Demographic, Lifestyle, and Dietary Factors Associated with Red Meat Consumption Among A Cross-Section of New York City Residents
Keywords:red meat, nutrition, policy
Introduction: Red meat reduction policies have become the focus of public policy in New York City (NYC). To inform on who might be impacted most by these policies, we sought to identify factors associated with red meat consumption among NYC residents.
Methods: We studied non-institutionalized adults in the cross-sectional 2013-2014 NYC Health and Nutrition Examination Survey. The outcome was self-reported weekly red meat consumption. We used multivariable linear regression to assess the association of red meat consumption with age, gender, race/ethnicity, US nativity, education, marital status, percentage of ZIP code in poverty, physical activity, smoking, alcohol, restaurant meal consumption, and dietary components (dark-green vegetables, other vegetables, fresh fruit, poultry, fish/shellfish, sugar-sweetened soda (SSS), and sugar-sweetened fruit drink (SSFD)).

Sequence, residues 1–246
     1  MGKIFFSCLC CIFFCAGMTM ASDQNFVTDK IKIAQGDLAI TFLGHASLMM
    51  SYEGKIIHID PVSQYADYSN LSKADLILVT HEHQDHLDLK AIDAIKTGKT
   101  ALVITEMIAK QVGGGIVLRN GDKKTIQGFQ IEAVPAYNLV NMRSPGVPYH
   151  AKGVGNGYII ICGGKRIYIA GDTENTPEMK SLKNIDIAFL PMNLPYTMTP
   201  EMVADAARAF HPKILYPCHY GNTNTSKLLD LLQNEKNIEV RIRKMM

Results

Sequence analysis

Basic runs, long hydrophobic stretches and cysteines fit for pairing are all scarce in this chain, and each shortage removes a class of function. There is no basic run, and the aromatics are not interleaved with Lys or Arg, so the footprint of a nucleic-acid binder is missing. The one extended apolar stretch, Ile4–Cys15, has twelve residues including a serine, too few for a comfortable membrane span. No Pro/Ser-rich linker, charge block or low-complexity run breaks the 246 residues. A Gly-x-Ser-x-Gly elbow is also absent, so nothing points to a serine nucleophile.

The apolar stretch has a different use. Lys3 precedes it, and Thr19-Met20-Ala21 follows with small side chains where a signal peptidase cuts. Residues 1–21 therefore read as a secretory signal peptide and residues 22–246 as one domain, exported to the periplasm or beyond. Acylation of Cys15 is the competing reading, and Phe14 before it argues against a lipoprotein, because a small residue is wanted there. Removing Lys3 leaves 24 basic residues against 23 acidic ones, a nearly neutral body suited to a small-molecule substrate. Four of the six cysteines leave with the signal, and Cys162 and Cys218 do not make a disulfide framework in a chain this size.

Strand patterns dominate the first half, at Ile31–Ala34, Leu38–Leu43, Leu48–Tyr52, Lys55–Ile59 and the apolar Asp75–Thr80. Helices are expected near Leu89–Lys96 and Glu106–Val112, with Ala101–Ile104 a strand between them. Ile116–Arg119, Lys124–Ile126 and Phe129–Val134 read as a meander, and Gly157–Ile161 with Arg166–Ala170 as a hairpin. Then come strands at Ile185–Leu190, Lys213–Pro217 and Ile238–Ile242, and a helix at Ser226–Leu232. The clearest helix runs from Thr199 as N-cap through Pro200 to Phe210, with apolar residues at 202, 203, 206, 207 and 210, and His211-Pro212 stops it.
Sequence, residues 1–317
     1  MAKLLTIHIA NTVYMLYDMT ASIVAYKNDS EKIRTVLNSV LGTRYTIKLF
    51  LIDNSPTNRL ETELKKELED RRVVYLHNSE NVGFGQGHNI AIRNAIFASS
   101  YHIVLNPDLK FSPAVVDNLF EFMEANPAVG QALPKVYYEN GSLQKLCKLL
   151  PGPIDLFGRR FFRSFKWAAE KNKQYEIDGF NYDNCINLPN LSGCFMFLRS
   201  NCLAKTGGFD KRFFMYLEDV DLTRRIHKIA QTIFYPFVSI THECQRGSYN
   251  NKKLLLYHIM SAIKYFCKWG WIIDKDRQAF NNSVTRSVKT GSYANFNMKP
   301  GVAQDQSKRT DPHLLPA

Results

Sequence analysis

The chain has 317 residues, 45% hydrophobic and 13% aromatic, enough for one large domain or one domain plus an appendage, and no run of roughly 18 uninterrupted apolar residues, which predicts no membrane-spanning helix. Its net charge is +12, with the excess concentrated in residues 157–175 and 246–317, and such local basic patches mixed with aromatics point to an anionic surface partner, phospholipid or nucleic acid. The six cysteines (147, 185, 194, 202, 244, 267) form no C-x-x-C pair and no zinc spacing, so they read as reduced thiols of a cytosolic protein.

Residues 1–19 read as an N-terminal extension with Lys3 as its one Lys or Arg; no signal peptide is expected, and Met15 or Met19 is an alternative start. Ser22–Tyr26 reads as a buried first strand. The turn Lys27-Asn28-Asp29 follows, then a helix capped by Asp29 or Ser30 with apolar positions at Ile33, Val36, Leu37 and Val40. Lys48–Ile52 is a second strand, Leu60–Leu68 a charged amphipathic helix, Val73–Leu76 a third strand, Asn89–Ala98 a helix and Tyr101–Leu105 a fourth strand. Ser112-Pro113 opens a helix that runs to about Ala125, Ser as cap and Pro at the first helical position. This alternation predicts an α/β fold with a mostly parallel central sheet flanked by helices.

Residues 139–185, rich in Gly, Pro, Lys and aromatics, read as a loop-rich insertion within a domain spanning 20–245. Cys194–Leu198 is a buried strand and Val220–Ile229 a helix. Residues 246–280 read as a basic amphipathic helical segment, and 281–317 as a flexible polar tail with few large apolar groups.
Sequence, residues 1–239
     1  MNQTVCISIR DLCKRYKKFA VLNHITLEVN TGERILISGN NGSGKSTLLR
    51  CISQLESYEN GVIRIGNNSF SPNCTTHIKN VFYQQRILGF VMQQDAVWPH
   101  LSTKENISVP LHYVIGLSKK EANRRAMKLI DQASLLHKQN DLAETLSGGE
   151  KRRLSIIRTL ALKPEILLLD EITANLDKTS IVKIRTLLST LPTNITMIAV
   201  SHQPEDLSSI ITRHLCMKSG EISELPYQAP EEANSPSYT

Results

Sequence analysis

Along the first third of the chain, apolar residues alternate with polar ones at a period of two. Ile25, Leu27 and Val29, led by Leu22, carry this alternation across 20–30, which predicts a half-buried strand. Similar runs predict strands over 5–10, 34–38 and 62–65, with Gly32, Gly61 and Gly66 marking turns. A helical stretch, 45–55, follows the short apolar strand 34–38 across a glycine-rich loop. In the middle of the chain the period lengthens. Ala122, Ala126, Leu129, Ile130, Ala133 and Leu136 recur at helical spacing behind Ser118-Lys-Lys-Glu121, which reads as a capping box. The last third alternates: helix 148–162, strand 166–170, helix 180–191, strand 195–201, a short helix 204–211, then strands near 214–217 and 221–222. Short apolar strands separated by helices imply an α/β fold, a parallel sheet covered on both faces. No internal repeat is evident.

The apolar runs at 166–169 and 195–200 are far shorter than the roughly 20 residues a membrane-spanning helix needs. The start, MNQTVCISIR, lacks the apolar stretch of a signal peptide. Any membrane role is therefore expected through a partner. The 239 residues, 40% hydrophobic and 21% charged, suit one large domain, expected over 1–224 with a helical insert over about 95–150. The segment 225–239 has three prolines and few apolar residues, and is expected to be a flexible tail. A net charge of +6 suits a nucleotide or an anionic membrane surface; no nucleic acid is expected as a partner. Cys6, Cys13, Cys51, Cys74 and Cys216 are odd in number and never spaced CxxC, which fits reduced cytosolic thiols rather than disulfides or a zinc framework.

Results: Among 1,495 subjects, higher frequency of red meat consumption was associated (b-coefficient; p-value) with younger age (-0.08; p = .03), male gender (0.47; p < .001), and greater weekly consumption of alcohol (0.08; p < .001), poultry (0.16; p < .001), fish/shellfish (0.15; p = .01), SSS (0.14; p < .001), and SSFD (0.06; p = .005). Red meat consumption was also associated with race/ethnicity (p = .002); subjects who identified as Asian had the highest consumption. Percentage of ZIP code in poverty also associated with red meat consumption (p = .003), wherein those in poorest ZIP codes (≥ 30% in
poverty) followed by the richest ZIP codes (<10% in poverty) consumed less red meat than those in ZIP codes with 10-20% and 20-30% in poverty.
Conclusion: Demographic, lifestyle, and dietary factors were associated with red meat consumption frequency in NYC. Public health efforts in NYC should consider these associations and differences from associations in national data when designing and evaluating outcomes from programs targeting reducing red meat consumption in NYC.